Development and validation of IRGs score model

The independent prognostic genes CCL8 and DEFB1 were chosen to establish a risk score model. From multivariate Cox regression, the coefficients for CCL8 and DEFB1 were − 0.364 and 0.200 respectively. Therefore, the IRG score of each patient was calculated according to the formula: IRGs score = (− 0.364) × (expression value of CCL8) + 0.200 × (expression value of DEFB1). The patients were divided into high- and low-risk groups based on the median risk score (− 0.644) in TCGA melanoma dataset. Kaplan–Meier survival analysis showed that patients in the high-risk group had significantly shorter OS than those in the low-risk group (Fig. 4a). The distribution of the risk score, OS, expressions of CCL8 and DEFB1 were also presented, suggesting that patients with high-risk score had lower expressions of CCL8, higher expressions of DEFB1 and more death cases (Fig. 4b). To confirm the robustness of our model, GEO dataset (GSE54467) which included 79 melanoma patients was applied as the external validation. The patients were divided into high- and low-risk groups according to the same formula and cutoff above. Consistent with the previous results, high-risk patients had significantly worse survival than low-risk patients (Fig. 4c). Expressions of decreased CCL8, increased DEFB1 and more deaths were found in high-risk group than in low-risk group in the GEO validation dataset (Fig. 4d). To further explore the application of IRGs in immunotherapy, we analyzed the pre-treatment mRNA data of 26 melanoma patients who received anti-PD-1 therapy in GSE78220 dataset. According to the IRGs score model described above, 11 and 15 patients were identified as high- and low-risk patients respectively. Surprisingly, 9 (81.8%) high-risk patients responded to the therapy, while only 5 (33.3%) low-risk patients responded, which suggested the high-risk patients were more sensitive to anti-PD-1 treatment than the low-risk group (Supplementary figure S2).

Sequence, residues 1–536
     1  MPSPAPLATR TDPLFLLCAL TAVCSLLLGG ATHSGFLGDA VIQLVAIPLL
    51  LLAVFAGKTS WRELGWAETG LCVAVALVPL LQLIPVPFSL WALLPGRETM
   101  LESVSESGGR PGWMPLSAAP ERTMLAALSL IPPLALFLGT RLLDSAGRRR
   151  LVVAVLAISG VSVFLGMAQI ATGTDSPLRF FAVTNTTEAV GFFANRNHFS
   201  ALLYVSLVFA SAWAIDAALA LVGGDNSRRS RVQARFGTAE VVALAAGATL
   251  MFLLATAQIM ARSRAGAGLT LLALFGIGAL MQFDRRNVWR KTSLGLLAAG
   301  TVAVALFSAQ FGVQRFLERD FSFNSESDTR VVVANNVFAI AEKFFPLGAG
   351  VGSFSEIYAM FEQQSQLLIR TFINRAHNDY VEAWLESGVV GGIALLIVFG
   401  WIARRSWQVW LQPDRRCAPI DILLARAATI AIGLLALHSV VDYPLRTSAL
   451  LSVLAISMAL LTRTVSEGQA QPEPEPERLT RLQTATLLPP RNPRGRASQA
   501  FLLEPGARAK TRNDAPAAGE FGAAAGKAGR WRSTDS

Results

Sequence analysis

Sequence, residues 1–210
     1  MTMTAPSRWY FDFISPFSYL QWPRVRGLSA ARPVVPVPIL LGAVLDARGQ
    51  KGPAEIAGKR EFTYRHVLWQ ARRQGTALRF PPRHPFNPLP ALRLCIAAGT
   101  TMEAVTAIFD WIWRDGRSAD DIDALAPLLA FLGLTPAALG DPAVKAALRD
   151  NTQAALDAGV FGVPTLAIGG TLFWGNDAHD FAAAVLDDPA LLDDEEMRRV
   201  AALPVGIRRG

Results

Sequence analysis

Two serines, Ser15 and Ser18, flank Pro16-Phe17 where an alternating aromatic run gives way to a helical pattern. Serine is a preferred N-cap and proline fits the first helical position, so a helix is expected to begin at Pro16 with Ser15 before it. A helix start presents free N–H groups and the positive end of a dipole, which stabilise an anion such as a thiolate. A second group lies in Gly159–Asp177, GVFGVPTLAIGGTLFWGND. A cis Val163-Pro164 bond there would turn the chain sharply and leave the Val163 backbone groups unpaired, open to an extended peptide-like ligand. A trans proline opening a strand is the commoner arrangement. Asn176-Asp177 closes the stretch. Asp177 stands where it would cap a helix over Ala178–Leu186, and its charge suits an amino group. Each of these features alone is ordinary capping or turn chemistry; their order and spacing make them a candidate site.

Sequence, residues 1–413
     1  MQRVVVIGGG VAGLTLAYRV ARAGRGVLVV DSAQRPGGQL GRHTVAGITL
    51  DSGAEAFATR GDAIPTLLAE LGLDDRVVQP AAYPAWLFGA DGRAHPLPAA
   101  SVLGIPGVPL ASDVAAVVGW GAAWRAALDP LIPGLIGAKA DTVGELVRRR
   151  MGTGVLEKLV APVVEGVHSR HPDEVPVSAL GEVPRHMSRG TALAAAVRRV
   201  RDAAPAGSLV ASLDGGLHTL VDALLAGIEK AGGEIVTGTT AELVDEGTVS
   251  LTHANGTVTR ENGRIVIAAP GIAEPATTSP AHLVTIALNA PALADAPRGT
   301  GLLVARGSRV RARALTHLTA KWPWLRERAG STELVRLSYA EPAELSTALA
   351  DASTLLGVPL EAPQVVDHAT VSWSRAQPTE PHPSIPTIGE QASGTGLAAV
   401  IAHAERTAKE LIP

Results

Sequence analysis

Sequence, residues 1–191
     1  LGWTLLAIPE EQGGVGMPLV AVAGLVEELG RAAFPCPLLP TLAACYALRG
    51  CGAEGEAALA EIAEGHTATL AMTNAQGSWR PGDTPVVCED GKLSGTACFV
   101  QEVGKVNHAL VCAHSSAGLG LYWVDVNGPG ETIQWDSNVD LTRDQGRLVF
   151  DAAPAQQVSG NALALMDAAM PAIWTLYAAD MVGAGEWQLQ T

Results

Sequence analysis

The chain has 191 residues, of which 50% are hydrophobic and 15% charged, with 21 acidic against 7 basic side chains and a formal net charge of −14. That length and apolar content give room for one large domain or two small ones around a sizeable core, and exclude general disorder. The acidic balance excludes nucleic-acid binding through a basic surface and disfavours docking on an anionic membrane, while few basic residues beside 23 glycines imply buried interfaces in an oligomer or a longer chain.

Figure 4
figure 4

Prognostic analysis of the IRGs signature. (a,c) Kaplan–Meier survival curves of patients in high versus low risk groups in TCGA (a) and GEO datasets (c). (b,d) Distribution of IRGs score and survival days of each patient, and a heatmap of selected IRG expression profiles presented in order of IRGs score in TCGA (b) and GEO datasets (d).

Gene set enrichment and pathway analysis for DE-IRGs

To investigate the underlying molecular mechanism of the IRGs signature, we conducted GSEA comparing the high-risk group with the low-risk group in 460 melanoma patients from TCGA. There was no GO or KEGG pathway significantly enriched in the high-risk group. However, 946 and 35 pathways in GO and KEGG analysis were identified to be associated with low-risk group, and the top 10 significant terms for each module were summarized in Supplementary table S3. The results demonstrated a major role of antigen presenting cells and T cells in the low-risk group (Supplementary figure S3).